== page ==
Considering the lack of commercially available assays, testing for anti-ASGPR antibodies has been limited to few university laboratories using laborious in house assays for research purposes. The reports so far published have also indicated that the specificity of anti-ASGPR for AIH is not as good as described for other autoantibodies, like anti-LKM1, anti-SLA, and anti-SMA filamentous actin. Anti-ASGPR antibodies have been reported in more than 10 % of patients with chronic hepatitis B or C, patients with PBC, and patients with alcoholic hepatitis [54, 56, 60, 62, 101, 102]. The inconsistent results may be due to the lack of a standardized assay. In recent years, a new commercially available ELISA based on purified rabbit ASGPR has been developed and a study has been published reporting on the sensitivity and the specificity of this assay. Remarkably, 70 % of naïve (untreated) AIH patients were tested positive for anti-ASGPR antibody, whereas only 30 % patients under immunosuppressive treatment demonstrated elevated anti-ASGPR antibody levels . Detectable anti-ASGPR antibodies were found in approximately 10 % patients with chronic hepatitis B or C . Anti-ASGPR antibodies were practically absent in other pathological controls (including patients with PBC and alcoholic hepatitis) . The interesting finding of this study was the striking specificity of anti-ASGPR for AIH (up to 100 %) as compared to PBC excluding PBC AIH overlap syndromes and such findings have not been reported previously.
Clinical utility of anti-ASGPR antibodies
An early study assessing anti-ASGPR antibodies in AIH-1 patients from USA noted more frequent relapses on treatment cessation in anti-ASGPR antibody positive AIH patients compared to anti-ASGPR antibody negative . Serum immunoglobulin levels appeared higher in those with anti-ASGPR antibodies . The association of disease activity indices or response to treatment and the presence of anti-ASGPR antibodies has been reported by others [53, 59, 94, 100, 103].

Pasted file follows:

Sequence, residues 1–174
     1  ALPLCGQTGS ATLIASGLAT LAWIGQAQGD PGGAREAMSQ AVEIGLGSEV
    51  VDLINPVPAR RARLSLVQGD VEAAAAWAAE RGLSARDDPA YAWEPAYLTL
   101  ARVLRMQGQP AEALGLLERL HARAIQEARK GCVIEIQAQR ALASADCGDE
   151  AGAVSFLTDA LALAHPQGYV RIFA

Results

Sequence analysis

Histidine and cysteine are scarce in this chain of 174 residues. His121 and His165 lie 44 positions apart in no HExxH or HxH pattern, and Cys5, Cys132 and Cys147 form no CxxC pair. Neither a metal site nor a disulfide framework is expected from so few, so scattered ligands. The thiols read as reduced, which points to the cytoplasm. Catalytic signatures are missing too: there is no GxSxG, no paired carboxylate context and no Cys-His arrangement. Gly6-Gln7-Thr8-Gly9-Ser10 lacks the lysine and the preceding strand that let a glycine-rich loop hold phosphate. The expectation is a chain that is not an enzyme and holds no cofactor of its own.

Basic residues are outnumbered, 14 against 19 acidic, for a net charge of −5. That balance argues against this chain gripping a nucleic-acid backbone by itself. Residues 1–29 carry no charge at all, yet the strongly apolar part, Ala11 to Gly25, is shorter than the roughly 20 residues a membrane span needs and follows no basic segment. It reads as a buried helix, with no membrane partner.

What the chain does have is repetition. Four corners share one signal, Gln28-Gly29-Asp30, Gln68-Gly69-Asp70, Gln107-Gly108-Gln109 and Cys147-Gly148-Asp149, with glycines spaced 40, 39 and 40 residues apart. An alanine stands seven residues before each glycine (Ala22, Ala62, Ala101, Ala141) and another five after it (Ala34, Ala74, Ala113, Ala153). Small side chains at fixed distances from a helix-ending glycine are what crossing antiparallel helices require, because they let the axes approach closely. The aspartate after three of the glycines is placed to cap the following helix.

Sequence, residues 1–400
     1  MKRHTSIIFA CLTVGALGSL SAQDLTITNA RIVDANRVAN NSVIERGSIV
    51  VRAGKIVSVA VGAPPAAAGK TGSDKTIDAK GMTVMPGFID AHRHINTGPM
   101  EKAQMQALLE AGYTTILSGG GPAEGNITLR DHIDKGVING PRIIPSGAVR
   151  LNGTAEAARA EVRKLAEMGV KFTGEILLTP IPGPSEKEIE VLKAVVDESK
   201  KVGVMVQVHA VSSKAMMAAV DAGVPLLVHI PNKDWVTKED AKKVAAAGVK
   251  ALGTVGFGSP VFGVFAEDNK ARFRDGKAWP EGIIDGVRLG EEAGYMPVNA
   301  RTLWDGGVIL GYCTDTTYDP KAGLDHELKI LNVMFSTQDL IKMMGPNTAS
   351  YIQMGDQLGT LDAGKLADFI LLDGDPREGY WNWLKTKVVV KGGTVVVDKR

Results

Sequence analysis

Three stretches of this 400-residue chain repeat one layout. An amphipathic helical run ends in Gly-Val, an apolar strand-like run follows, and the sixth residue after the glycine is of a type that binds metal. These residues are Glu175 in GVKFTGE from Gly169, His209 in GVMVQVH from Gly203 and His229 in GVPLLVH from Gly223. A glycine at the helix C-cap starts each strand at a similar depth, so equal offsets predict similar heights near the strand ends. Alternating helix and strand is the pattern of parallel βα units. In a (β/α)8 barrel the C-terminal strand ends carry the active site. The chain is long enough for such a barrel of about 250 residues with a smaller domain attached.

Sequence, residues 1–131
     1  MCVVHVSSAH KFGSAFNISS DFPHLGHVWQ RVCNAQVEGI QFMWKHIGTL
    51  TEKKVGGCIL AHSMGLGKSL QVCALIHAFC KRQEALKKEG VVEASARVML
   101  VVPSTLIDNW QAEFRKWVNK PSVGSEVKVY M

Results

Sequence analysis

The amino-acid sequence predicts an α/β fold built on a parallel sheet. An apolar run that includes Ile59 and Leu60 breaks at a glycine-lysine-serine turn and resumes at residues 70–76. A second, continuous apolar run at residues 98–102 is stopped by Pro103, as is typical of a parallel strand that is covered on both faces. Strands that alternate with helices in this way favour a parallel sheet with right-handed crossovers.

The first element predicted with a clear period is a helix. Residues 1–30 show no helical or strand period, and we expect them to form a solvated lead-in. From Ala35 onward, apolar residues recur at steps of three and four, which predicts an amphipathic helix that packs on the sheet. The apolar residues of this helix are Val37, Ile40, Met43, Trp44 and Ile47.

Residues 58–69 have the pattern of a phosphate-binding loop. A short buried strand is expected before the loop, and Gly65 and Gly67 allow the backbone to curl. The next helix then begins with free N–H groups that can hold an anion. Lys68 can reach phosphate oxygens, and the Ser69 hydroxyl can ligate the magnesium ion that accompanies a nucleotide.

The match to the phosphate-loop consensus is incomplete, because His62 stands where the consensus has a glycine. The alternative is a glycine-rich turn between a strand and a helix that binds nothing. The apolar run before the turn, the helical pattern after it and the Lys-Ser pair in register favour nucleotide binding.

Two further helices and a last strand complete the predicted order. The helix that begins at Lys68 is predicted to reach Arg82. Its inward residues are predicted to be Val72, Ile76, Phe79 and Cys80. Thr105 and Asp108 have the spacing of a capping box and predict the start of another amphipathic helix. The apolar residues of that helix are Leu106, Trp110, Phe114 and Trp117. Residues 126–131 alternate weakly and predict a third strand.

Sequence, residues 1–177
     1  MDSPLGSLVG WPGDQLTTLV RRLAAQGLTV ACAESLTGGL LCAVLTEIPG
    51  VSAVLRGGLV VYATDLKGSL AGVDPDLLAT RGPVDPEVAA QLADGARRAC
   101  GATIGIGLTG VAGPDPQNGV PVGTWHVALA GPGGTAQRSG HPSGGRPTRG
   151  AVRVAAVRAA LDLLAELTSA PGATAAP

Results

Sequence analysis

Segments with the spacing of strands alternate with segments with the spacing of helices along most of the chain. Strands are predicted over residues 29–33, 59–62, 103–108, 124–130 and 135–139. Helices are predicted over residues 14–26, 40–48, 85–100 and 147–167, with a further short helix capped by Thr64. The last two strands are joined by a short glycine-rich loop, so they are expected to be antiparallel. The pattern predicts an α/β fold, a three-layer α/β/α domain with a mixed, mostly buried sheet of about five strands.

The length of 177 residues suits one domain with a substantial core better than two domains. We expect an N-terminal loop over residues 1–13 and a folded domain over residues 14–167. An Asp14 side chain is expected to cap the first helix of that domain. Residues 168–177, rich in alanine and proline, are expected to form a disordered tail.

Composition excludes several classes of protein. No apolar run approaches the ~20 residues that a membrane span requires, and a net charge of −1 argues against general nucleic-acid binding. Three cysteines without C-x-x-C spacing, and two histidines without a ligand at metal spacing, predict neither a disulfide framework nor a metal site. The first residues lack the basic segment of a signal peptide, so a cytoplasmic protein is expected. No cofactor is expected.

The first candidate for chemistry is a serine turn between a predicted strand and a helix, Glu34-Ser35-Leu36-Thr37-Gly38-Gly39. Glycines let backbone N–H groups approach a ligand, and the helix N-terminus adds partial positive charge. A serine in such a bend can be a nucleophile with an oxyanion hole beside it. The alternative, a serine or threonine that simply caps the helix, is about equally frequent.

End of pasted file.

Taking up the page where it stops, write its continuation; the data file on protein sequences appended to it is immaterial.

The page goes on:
The recently published study employing the new anti-ASGPR antibody ELISA has found a correlation between anti-ASGPR and the level of liver transaminases in patients followed for long period of time . A further intriguing result was that anti-ASGPR antibodies may precede the onset of elevated transaminases. That finding and the fact that anti-ASGPR antibodies are decreased over the course of immunosuppression indicate that this autoantibody may be a prognostic marker of disease activity [54, 56, 60]. A recent report has also found that anti-ASGPR antibodies decrease during immunosuppression [91, 104].
In the years to come, the relevance of anti-ASGPR antibodies in the diagnosis of AIH will be understood better with the help of robust and user-friendly anti-ASGPR antibody assays used in routine laboratory analysis. At present, several laboratories over the world are testing the applicability of newly available anti-ASGPR antibody ELISA. The results of these tests will shed a light on the long discussed usefulness of this autoantibody in the serology of AIH. We need to remind ourselves that ASGPR is one of the very few autoantigens that is liver specific in AIH (if it is not the only liver-specific one). It is possible that the understanding of the pathogenesis of AIH lies within the understanding of the immunopathophysiology of this hepatic lectin . We anticipate that we will learn more about the role of ASGPR in the near future.
Conflict of interest
Dirk Roggenbuck has a management role and is a shareholder of GA Generic Assays GmbH and Medipan GmbH. Both companies are diagnostic manufacturers. All other authors declare that they have no competing financial interests.